To give, or not to give homework?
Feb. 23, 2016
by Jenni Sebora

Age-old questions in the education world have been: How much homework is too much?, How much is too little? Do students need homework at all? It is one of those ongoing cyclical debates.

I am a teacher and a parent, so I experience the homework situation on both sides – and we know parents are part of the homework equation.

This is what I know for sure as an educator and parent – parents should never be expected to teach a new concept. Homework should not be about having to learn a new concept that parents have to teach.

Homework should be meaningful, relevant, and purposeful, regarding a concept that needs to be reinforced. Homework should never be busy work.

Research also shows that for young students, homework is less beneficial. Younger children have less-effective study habits because of their attention span and focus. Also, we know that differences in students’ attention spans and study habits most likely determine whether homework is helpful.

Those students with learning and attention issues will have a harder time with homework, so parents and educators have to keep this in mind.

Having a set study pattern is good for all students. Attempting to do homework at the same time, on the same schedule, in a well-lighted area away from distractions is especially important for students with learning and attention issues.

It is vital that homework is not given as punishment, and that educators ask themselves, “What do I want all students to learn from this assignment?”

Homework is not a tool that works for all students. In fact, it can have a negative impact, decreasing student motivation and interest; therefore, not getting the results intended.

We know that school work may be difficult for some students, and then assigning more for students to do at home only makes students have negative feelings about school.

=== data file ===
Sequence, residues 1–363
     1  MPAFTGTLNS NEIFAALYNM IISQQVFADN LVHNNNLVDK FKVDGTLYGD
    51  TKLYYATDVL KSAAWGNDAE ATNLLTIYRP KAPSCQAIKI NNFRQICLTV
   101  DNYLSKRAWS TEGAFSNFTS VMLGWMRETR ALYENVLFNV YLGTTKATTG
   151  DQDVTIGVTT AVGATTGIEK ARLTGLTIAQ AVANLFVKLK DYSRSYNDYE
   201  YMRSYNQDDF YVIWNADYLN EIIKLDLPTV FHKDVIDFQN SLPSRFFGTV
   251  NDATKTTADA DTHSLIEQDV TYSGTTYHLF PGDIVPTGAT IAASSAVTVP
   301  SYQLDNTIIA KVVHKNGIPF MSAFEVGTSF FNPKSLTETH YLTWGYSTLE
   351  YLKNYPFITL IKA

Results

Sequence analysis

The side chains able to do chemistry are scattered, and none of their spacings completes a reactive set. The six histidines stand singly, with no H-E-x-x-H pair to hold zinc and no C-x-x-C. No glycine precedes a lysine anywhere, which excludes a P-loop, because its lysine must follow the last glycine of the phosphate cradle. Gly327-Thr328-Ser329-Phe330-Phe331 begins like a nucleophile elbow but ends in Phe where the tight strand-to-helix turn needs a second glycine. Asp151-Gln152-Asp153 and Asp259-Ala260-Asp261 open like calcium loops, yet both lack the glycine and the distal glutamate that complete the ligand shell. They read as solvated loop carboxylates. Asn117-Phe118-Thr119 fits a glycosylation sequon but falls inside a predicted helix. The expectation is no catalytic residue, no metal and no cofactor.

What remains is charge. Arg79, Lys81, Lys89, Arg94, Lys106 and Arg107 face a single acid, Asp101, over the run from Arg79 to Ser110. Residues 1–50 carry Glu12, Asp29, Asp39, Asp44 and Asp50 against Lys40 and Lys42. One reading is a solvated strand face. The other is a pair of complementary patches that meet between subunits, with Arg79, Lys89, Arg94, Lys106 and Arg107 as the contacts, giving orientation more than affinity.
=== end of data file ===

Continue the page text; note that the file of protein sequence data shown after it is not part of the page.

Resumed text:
This isn’t to say there are not benefits to homework. Students learn good study habits, establishing a routine – these are probably some of the best benefits; however, students can also learn this from doing chores at home, which is also crucial for life-long independent living for all.

Homework for all should be assigned moderately and judiciously.

The 10-minute rule formulated by the National PTA and National Education Association suggests that students should be doing about 10 minutes of homework per night, based on grade level, which equates to 10 minutes for first-graders, and 20 minutes for second-graders.

When students get to junior high and high school, homework should never exceed one to two hours. As an educator, I think two hours is too much.

Students are in school for seven hours already, which equates to a full-time job. After this full-time job, many students then participate in some type of activity – a club, sport, theater, religion, fine arts, music, or a job.

How about time with family and friends? How about some time to just relax? Put homework in the equation, and we have an overload.

Children’s brains are also still developing up until the early 20s, which means they need more sleep than adults.

Many children, especially teens, don’t get enough sleep because of their school workload and extracurricular activities. Sleep rejuvenates their brains for the next day. It is vital for physical, emotional, and mental health.

Which parent has not been up late with a teen who has “hit the wall,” because he or she needs to finish a project or some type of assignment.

Of course, students should not overload themselves with too many outside activities, but we need to remember that extracurricular activities are important learning tools on many levels for children.

At the beginning of the school year in the school district where I work, a high school science teacher sent out a memo to all of the parents of the students he has in his classes. The memo’s content was regarding homework.

This teacher was changing his model for homework. He stated that most of the work that students would have would be done in class, and it would be interactive and focused on exactly what concepts he wanted the students to get out of the specific lesson.

He would give time for students to come to him each class period for questions. He would ask clarifying questions of them.

The homework that he did “assign” included eating dinner with family at least once a week, going outside for at least 10 minutes each day to get some fresh air and take in the outdoors, and spend at least 10 to 15 minutes each night reading something the student wanted to read (a magazine, a book, etc.).

How about that for homework?

I love it.

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